Okay folks, I’m warning you—I’m getting on my soapbox about easy readers (which I will refer to as EZs, because…well, I don’t feel like typing it out).
EZ readers are that little genre of book where you learned to read. Remember, “See Spot run.” (I know I just dated myself). These books carry children over the bridge from dependent reading (having picture books read to them) to independent reading (reading chapter books on their own). I believe this is the MOST important genre in literature because it is here that children learn to either embrace or avoid reading. It’s also the most overlooked and endangered genre in children’s literature, in this author’s opinion.
How? Sadly, the industry itself often overlooks this genre. The next time you come across a children’s writing contest, look at the categories. They’re typically: Young Adult, Middle Grade, Picture Book, and either Poetry or Non-Fiction. I say “typically” because I’m fortunate that my regional SCBWI chapter includes an “Easy Reader/Chapter Book” category in their annual writing contest for our regional Writer’s Day. Many children’s writing contests do not.
What about awards for published books? Again, the categories are usually the same. With the exception of the ALA’s Theodore Geisel Award, and the Gryphon Award, EZs are generally not recognized in the awards arena—even though this is what most K-2 children are reading. Have we forgotten to honor books for this age group? Are these books any less important?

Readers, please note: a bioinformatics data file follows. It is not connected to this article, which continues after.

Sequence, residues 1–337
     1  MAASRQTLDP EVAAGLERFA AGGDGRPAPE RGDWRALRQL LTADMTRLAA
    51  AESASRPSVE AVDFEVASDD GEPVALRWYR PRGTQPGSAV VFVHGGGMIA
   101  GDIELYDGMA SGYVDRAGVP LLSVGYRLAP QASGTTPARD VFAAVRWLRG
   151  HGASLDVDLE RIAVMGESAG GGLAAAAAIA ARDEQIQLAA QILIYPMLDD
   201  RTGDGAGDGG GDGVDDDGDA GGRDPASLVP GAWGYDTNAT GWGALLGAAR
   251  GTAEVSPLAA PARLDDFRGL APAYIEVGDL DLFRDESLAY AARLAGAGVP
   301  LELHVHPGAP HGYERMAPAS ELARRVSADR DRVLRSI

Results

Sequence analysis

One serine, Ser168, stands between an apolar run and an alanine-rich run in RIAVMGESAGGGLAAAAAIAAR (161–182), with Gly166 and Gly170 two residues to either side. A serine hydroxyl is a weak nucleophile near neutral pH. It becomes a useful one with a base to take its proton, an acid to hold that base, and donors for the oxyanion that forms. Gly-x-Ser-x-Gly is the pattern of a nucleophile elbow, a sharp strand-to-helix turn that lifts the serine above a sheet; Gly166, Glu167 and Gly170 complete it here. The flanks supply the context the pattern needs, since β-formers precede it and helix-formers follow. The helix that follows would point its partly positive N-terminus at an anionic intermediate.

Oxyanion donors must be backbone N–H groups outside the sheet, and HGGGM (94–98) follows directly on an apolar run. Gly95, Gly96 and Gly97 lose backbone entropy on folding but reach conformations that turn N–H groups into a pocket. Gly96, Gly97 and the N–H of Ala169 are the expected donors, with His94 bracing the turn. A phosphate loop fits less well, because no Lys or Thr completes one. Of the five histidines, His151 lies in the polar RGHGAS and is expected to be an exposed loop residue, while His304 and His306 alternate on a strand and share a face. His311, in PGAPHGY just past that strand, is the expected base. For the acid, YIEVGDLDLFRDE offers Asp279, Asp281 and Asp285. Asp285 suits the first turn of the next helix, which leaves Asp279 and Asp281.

Getting to the matter of endangerment, let’s look at what’s happening to the genre itself. In today’s trade market, more and more of these books are about licensed characters (I could wallpaper my office with rejection letters that say, “We are moving our easy reader line toward licensed characters.”). Now, don’t get me wrong—I like Mickey Mouse just as much as the next girl. However, when an editor turns down a carefully crafted manuscript (one that considers a child’s reading needs according to his age, grade and ability) to leave room for yet another version of Spiderman or Sponge Bob Square Pants, I have to question what’s happening.
Many licensed character books don’t seem to be written with a child’s reading needs in mind. This is just wrong. In fact, often children’s writers do not write these books at all. Rather, they’re written “in-house,” meaning editorial staff determines the storyline and the staff then assigns the project to a regular (in-house) writer or an editor. I have no problem with this process–IF the books are well written. Too many times, I’ve picked up licensed character books and found words that are too difficult for a child to read, difficult words that don’t match the illustrations, or too much text for a young child to tackle.
The bottom line for publishing houses may mean big sales (we do live in a pop-culture society), but for the child, the result can be frustration. And when a child is frustrated, he often gives up. Is this really what we want? Of course not. We want children to love reading. As children’s literature professionals, it is our duty and our responsibility to create books that will help children cross the EZ reader bridge with success.
(Please scroll down to see my recommended reading list for Easy Readers–on the right side)